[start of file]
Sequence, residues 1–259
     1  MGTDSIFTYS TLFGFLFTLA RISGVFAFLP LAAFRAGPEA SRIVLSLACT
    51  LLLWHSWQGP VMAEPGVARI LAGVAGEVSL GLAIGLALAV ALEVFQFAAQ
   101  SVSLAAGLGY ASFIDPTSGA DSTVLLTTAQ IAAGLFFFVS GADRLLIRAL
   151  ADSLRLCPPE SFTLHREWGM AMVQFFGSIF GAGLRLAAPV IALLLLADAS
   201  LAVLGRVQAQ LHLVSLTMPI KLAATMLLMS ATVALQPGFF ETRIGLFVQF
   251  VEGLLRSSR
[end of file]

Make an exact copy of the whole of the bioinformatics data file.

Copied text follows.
Sequence, residues 1–259
     1  MGTDSIFTYS TLFGFLFTLA RISGVFAFLP LAAFRAGPEA SRIVLSLACT
    51  LLLWHSWQGP VMAEPGVARI LAGVAGEVSL GLAIGLALAV ALEVFQFAAQ
   101  SVSLAAGLGY ASFIDPTSGA DSTVLLTTAQ IAAGLFFFVS GADRLLIRAL
   151  ADSLRLCPPE SFTLHREWGM AMVQFFGSIF GAGLRLAAPV IALLLLADAS
   201  LAVLGRVQAQ LHLVSLTMPI KLAATMLLMS ATVALQPGFF ETRIGLFVQF
   251  VEGLLRSSR